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Xbox Live, Customisation and Controllers

Internet experience will be a fundamental part of the new Xbox 360 console. It is always online (via a broadband connection of course) and has a built in Media Centre Extender for Windows XP which means you can connect to your PC and other multimedia devices. It can also be hooked up to a home network via a cable or wireless adapter (either your own or an optional Xbox 360 one that fits snugly inside the console).



Once connected, users can play music, videos and display pictures from their computers to their television. MP3 players, digital cameras and camcorders can also stream their content when plugged into the Xbox 360 via a USB cable. A revised version of Xbox Live (Microsoft’s online service) means you can also pass content to fellow Xbox 360 owning friends.

This is just the first step in Xbox Live, however, with a series of upgrades being made. An online marketplace lets users download new game trailers and demos and buy content, while an optional Xbox 360 digital camera enables users to video chat, snap pictures and it will apparently interact with some games.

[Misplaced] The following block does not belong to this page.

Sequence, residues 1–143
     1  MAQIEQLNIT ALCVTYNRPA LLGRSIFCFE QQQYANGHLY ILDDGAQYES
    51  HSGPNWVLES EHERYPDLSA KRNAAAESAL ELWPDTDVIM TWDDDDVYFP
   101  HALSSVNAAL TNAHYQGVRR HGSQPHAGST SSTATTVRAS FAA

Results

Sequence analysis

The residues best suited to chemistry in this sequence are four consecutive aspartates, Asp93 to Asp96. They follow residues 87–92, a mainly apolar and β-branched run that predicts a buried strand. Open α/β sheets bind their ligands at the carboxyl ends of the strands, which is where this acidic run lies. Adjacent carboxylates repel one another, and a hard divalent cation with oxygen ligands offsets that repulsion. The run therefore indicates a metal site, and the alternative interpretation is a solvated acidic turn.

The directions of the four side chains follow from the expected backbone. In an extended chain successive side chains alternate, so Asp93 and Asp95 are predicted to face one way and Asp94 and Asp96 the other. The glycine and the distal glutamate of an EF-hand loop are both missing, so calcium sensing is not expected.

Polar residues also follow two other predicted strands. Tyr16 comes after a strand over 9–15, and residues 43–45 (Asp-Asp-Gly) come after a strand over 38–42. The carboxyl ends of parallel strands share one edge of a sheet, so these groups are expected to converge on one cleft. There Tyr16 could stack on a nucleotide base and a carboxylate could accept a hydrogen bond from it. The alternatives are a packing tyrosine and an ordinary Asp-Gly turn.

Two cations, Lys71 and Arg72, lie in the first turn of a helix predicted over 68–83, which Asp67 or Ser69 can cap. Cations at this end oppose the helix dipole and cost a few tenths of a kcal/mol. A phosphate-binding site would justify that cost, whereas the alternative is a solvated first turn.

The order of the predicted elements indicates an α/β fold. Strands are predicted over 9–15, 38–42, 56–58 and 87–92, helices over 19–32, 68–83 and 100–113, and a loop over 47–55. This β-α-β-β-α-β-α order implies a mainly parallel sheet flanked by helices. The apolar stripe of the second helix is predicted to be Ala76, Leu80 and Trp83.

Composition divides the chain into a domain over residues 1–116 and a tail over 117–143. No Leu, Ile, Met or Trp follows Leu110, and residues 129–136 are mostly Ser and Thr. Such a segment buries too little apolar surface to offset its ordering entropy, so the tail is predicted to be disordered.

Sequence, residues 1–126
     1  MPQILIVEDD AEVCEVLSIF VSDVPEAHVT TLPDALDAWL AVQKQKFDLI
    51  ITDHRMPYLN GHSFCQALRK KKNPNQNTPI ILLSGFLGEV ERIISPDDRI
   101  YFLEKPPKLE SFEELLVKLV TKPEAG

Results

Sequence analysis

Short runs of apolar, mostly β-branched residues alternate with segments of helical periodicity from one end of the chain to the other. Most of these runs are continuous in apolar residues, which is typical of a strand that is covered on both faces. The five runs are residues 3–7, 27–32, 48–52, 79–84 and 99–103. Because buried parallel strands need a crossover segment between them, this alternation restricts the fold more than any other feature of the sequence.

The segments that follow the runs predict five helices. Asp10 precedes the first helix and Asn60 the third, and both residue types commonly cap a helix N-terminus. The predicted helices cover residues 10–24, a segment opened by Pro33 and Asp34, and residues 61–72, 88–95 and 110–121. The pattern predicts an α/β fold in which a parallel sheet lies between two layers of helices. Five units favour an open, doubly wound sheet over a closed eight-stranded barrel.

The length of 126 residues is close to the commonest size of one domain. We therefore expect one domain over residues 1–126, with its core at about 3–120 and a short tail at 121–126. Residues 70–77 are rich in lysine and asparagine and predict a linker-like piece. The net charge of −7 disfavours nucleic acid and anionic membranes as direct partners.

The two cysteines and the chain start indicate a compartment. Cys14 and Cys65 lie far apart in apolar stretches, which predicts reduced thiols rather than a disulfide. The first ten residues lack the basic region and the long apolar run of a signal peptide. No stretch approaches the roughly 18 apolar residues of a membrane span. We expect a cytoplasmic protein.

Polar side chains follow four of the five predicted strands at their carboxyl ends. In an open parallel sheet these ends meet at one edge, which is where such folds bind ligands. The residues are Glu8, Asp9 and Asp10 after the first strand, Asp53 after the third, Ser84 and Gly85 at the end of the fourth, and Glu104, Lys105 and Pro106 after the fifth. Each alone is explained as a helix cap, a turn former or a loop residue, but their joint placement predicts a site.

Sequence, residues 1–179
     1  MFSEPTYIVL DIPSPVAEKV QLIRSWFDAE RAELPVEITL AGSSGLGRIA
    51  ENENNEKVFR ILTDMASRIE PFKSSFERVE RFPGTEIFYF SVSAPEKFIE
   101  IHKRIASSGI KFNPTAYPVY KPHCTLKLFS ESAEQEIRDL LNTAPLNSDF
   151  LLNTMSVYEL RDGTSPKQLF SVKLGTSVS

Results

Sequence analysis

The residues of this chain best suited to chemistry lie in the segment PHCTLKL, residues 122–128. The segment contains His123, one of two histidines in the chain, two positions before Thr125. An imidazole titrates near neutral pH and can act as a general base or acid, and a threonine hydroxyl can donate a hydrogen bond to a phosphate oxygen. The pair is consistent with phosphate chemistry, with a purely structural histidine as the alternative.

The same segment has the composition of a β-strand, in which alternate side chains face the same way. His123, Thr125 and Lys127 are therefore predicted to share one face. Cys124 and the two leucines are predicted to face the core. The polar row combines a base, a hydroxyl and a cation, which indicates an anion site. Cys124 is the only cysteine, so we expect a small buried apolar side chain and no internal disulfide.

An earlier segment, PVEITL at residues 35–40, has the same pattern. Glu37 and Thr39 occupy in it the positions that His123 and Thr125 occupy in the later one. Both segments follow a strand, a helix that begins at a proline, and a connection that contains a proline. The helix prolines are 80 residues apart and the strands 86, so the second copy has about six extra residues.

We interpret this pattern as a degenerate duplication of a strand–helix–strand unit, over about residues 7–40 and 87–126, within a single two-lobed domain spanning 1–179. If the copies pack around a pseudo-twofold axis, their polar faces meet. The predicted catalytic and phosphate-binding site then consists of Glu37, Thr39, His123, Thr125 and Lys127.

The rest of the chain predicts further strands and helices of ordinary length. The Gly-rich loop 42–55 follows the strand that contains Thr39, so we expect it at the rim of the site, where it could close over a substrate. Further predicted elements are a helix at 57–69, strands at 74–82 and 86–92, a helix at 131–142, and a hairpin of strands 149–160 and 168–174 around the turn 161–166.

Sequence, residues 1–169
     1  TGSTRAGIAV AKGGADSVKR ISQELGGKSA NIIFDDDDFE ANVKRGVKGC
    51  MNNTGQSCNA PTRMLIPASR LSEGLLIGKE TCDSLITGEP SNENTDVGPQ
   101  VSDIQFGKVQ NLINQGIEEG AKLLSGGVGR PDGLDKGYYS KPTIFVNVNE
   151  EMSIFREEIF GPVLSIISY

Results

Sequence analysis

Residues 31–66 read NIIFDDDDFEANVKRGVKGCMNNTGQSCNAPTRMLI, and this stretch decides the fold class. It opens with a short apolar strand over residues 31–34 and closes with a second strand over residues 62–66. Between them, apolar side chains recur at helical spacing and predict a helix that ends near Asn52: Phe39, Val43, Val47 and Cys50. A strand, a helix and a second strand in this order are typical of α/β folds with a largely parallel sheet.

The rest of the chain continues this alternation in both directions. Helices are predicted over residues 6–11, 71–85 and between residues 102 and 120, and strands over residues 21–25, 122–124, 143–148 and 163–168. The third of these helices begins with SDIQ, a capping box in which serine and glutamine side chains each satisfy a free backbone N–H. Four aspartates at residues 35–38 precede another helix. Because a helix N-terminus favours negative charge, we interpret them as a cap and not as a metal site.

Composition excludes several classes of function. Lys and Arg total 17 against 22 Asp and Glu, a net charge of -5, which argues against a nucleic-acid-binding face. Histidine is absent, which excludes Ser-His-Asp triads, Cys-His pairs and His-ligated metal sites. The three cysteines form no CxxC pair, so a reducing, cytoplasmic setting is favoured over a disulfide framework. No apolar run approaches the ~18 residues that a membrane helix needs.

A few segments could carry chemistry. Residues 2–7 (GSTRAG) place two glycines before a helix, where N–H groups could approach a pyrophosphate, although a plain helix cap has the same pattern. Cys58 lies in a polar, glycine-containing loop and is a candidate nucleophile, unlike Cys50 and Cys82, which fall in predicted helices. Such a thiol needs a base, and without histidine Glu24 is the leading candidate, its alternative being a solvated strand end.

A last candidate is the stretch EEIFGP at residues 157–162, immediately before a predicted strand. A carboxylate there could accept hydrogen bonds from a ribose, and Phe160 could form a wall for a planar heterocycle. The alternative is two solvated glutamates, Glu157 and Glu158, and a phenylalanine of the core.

There will be two levels of Xbox Live subscription this time around: Silver (which is free) and Gold. The first limits online gaming to weekends, but you can still chat with friends and utilise the marketplace. Gold provides 24/7 access and throws in Intelligent Matchmaking which works courtesy of the fully customizable online identities through your gamer tag. (Allard’s tag is “HeroProtagonist“, should you see him online and want to cap his ass!).

The customisation doesn’t stop online either, as on the hardware side of things it turns out that the Xbox 360’s faceplate is removable and can be replaced with different coloured or game-themed or mock material (there will be an imitation wood facia available) alternatives.



Moving onto the controllers we come to one of the most interesting parts of the console, something Microsoft dubs the “Ring of Light”. What this is, is a guide button divided into four quadrants that can call up a Live menu at any time no matter if you are playing a game, watching a movie or listening to music. You don’t need to be online to work the menu as the offline mode will still provide you with access to the console’s user preferences. The controllers themselves are currently powered by AAA batteries, but rechargeable power packs are expected to make an appearance either simultaneously or just after the Xbox 360 launch.

Next hard drive and games…

 
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